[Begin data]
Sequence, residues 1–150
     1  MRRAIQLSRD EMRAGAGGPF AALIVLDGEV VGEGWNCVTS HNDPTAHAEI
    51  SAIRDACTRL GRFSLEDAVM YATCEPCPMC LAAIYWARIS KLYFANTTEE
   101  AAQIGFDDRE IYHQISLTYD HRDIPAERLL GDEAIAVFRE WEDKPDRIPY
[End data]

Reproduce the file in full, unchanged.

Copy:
Sequence, residues 1–150
     1  MRRAIQLSRD EMRAGAGGPF AALIVLDGEV VGEGWNCVTS HNDPTAHAEI
    51  SAIRDACTRL GRFSLEDAVM YATCEPCPMC LAAIYWARIS KLYFANTTEE
   101  AAQIGFDDRE IYHQISLTYD HRDIPAERLL GDEAIAVFRE WEDKPDRIPY